Chapter 3. Wireless

3.0. Introduction

Wireless local area networks (WLANs) provide obvious benefits over wired networks, in that they link network devices without wires. WLAN uses spread-spectrum or Orthogonal Frequency-Division Multiplexing (OFDM) modulation technology (based on radio waves to enable communication between devices in a limited area, also known as the basic service set).

IEEE 802.11 is the standard defined for the WLAN. It uses Carrier Sense Multiple Access with Collision Avoidance (CSMA/CA) as the access method. Multiple standards are defined under the 802.11 umbrella standards; 802.11a was the first standard defined for WLAN, and it uses OFDM at a 5 GHz frequency, providing 54 Mbps throughput (in theory). The most commonly used standards, however, are the 802.11b and 802.11g, and they operate in Direct Sequence Spread Spectrum(DSSS) and OFDM in a 2.4 GHz frequency, providing 11 Mbps and 54 Mbps. 802.11g is backward-compatible with 802.11b; however, 802.11b is not backward-compatible with 802.11a. Therefore, you would see a lot of wireless Access Point (AP) devices that support 802.11b/g on the same radio and 802.11a on a separate radio. The NS-5GT supports only the 802.11b/g standard; the SSG5 and SSG20 support the 802.11a/b/g standards using dual-band radio.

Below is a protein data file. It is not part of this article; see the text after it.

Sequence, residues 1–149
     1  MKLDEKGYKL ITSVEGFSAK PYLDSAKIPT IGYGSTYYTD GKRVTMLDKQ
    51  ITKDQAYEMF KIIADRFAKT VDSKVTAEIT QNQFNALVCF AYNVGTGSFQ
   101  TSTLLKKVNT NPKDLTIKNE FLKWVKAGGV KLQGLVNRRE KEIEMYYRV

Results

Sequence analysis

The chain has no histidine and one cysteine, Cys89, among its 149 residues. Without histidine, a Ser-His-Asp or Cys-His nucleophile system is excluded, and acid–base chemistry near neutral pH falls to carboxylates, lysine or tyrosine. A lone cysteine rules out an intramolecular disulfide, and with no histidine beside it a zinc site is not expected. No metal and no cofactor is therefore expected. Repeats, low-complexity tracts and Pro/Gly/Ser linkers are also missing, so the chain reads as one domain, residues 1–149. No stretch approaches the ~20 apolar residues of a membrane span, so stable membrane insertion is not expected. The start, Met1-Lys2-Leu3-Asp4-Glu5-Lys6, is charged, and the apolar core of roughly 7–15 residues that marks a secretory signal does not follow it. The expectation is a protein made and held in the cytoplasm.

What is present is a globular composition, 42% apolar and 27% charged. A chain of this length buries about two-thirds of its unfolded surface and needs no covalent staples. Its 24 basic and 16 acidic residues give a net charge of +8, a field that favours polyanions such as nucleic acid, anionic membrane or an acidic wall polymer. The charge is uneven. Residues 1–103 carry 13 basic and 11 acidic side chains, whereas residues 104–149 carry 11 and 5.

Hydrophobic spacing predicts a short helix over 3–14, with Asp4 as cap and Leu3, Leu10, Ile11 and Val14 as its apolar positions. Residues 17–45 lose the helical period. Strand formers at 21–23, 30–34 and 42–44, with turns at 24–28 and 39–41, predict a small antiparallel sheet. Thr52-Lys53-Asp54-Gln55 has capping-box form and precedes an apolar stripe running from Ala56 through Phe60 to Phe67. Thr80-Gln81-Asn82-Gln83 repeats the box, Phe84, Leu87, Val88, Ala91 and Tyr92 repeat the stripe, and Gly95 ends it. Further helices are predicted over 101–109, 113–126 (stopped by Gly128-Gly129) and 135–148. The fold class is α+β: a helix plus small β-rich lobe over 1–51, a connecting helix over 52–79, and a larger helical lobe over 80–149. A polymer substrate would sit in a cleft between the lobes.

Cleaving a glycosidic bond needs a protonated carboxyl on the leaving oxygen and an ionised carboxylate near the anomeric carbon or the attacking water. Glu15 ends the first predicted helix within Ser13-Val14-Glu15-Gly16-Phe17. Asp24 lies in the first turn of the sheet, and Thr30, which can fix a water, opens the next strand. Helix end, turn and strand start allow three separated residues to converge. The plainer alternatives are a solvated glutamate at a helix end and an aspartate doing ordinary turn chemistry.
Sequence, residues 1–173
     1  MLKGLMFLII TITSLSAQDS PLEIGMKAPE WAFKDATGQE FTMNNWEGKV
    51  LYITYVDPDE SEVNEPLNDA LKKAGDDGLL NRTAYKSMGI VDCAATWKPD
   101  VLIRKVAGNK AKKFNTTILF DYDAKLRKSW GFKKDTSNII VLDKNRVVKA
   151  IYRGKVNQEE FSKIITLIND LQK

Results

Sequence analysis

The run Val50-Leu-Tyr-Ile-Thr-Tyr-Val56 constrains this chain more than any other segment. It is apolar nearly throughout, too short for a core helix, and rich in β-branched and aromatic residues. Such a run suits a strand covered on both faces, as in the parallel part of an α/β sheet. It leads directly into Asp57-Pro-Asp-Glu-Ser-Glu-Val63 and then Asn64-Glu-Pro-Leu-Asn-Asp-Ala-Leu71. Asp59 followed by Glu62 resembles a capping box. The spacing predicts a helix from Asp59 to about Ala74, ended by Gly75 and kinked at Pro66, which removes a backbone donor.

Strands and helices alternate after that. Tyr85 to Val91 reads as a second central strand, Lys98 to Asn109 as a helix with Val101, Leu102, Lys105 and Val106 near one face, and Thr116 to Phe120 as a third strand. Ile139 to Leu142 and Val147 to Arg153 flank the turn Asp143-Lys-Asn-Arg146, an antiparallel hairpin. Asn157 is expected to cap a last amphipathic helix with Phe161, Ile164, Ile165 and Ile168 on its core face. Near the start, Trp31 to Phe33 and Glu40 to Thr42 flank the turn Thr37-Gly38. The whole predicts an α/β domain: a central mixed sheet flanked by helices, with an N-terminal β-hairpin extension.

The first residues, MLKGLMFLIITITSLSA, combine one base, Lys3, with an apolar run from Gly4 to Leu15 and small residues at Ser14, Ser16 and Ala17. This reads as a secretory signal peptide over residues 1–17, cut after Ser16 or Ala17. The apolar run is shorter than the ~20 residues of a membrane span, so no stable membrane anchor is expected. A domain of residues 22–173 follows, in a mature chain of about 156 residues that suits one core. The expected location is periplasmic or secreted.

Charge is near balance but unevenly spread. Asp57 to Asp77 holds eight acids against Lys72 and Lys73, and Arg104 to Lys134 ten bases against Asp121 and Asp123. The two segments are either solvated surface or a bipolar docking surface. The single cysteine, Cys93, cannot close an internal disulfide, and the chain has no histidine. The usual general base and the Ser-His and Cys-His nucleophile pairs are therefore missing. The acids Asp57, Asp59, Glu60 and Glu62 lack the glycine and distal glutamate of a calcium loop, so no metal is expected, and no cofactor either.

The 802.11 Standards

The 802.11b/g is prone to interferences from common household devices, such as microwaves and cordless phones. The channels available for 802.11b/g are 1–13, with the most commonly used channels ...

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